Last Updated: Wednesday, February 01, 2017

Black Friday Countdown: OSHA Win Against Wal-Mart Forces Retailers To Improve Crowd Safety
Updated: Wednesday, November 25, 2015

The use of improper crowd control barricades, similar to this style, was an raised in the Wal-Mart Stores, Inc. trial. Photo: CMS c 2012

This yearís Black Friday in the U.S. should be unlike past chaotic and deadly retail sales. This should be good for the safety of employees and shoppers.

The reason for optimism comes after Wal-Mart Inc. withdrew its appeal in March of a $7,000.00 OSHA-New York fine stemming from the infamous 2008 Black Friday debacle at the Green Acres Mall, one of the retail giantís stores in Long Island.

Jdimytai Damour, 34, a temporary Wal-Mart employee assigned the duty of Black Friday crowd management---but without proper training, equipment and management---was crushed to death when unmanaged shoppers in a crowd of at least 2,000 people, surged into the store. Other untrained employees providing crowd management were put in harmís way and scores of shoppers were injured or traumatized. The incident was chronicled in the New Yorker magazine article "Crush Point" by John Seabrook.

It was not until 2010, that the Wal-Mart appeal was heard in New York City before an OSHA administrative judge. Wal-Mart lost its appeal. The retailer appealed again to the OSHA federal court. This spring, Wal-Mart unexpectedly withdrew their appeal and agreed to pay the original $7,000.00 fine. In an unexplained action, the OSHA federal court vacated the original ruling against Wal-Mart (possibly due to an agreement with the retailer). Nevertheless, Wal-Mart was required to pay the $7,000 fine. Thus, acknowledging that the OSHA-New York fine for the retailerís transgressions was proper---or could not be overturned. It was not Wal-Mart alone that was on trial in the broader sense, but the entire Black Friday retail industry. For too long the retail industry failed in its crowd safety responsibilities and, annually mocked, provoked and perpetuated crowd disorders through a lack of safety precautions, ďmayhem marketingĒ and by forcing shoppers to compete against each other for deeply discounted high valued items that retailers knew only a few shoppers could actually obtain.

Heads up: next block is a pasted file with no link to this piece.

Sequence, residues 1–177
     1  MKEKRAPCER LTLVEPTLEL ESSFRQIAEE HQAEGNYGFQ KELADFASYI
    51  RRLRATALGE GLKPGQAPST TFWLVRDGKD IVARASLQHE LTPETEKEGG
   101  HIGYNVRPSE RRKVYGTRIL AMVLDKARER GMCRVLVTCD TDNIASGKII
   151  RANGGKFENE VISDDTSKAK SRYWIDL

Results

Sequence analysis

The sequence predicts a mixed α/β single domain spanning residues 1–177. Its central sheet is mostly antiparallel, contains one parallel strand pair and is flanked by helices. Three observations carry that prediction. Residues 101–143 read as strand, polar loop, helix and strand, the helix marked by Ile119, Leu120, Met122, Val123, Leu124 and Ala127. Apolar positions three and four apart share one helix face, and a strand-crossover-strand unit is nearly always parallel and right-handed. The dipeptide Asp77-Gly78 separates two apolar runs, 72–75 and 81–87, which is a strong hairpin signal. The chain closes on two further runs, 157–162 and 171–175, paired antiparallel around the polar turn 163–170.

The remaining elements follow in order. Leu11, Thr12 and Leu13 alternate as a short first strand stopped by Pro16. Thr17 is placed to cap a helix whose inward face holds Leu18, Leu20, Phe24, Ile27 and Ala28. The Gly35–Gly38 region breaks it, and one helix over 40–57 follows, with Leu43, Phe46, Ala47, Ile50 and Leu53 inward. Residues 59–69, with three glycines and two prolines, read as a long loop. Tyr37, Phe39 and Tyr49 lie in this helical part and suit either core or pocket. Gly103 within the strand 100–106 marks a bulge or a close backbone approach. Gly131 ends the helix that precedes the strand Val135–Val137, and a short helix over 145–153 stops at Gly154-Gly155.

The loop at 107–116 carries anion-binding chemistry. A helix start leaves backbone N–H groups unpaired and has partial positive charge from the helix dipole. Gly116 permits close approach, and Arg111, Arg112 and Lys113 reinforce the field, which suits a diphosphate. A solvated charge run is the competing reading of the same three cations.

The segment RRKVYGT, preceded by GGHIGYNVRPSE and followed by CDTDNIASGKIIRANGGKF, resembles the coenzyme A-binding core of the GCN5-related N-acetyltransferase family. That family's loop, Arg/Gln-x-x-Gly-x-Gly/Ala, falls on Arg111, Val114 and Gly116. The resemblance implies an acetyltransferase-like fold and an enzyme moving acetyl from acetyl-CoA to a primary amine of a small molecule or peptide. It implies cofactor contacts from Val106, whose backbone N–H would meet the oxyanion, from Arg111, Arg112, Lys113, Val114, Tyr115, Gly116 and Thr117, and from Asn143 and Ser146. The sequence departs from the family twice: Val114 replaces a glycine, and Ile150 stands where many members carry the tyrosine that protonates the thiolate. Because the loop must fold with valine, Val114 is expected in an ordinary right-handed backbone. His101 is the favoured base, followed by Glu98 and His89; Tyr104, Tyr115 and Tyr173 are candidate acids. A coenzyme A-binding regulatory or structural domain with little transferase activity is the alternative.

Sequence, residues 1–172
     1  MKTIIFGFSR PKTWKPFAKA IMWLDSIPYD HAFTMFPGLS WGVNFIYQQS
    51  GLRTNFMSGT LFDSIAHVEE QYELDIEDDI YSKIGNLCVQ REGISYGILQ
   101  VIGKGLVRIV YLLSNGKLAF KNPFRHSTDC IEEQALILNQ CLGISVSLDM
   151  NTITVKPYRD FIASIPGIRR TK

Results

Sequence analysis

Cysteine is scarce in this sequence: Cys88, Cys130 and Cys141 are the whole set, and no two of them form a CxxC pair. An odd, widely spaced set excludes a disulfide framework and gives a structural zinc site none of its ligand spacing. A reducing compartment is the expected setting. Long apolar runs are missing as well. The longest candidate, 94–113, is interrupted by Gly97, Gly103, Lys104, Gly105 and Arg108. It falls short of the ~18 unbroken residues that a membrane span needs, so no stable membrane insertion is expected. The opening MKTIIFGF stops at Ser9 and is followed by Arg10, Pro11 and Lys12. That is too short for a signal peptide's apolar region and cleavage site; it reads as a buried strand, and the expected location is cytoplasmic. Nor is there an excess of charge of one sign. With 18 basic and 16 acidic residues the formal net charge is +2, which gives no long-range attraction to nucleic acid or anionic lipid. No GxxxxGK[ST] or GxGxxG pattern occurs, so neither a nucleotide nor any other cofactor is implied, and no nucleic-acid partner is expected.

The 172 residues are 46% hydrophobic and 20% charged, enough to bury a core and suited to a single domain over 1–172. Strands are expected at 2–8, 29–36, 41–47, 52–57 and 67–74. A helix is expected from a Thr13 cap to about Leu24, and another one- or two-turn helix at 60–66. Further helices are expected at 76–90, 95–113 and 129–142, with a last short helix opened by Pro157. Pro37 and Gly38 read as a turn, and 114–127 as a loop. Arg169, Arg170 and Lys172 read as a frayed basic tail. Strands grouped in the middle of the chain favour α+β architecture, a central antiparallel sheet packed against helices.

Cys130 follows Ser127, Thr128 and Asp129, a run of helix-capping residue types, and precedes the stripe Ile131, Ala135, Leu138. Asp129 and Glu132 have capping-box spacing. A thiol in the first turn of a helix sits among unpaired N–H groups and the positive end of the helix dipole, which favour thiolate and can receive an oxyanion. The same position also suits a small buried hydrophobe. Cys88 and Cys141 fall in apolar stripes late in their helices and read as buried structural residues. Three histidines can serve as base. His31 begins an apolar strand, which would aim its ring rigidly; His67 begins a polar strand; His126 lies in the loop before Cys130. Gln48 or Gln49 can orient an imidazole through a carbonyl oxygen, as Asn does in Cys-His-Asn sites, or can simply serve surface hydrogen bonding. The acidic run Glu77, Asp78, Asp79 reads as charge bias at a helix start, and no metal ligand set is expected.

In other words, retailers turned Black Fridays into rock concert chaos. The financial rewards for the industry are legendary. And, until 2008, Black Friday crowd disorders and injuries received very little media or public safety criticism. Even after the death of Mr. Damour--and other Black Friday participants that have followed---many retailers continue to rev up crowds and pit shopper against shopper.

With the conclusion of the Wal-Mart case, the writing is on the wall for the retail industry. If 2015 and beyond does not bring a significant change in the training of retail crowd management employees and the safe crowd management of shoppers invited to Black Friday stores, criminal and civil litigation will likely raise its ugly head. And, all the failed legal arguments presented by Wal-Martís million dollar lawyers will not shield the retail industry next time around.

Letís hope that this year Wal-Mart Stores, Inc. and other retailers provide their employees and shoppers with a crowd safe environment both outside and inside their stores.

Note: Crowd Management Strategiesí Paul Wertheimer was retained by OSHA to provide crowd management consulting. Mr. Wertheimer contributed to OSHAís crowd management guidance for retailers that is published each year before Black Friday. Mr. Wertheimer was retained as an expert witness by the Estate of Jdimytai Damour in the civil lawsuit. That lawsuit was settled before trial.




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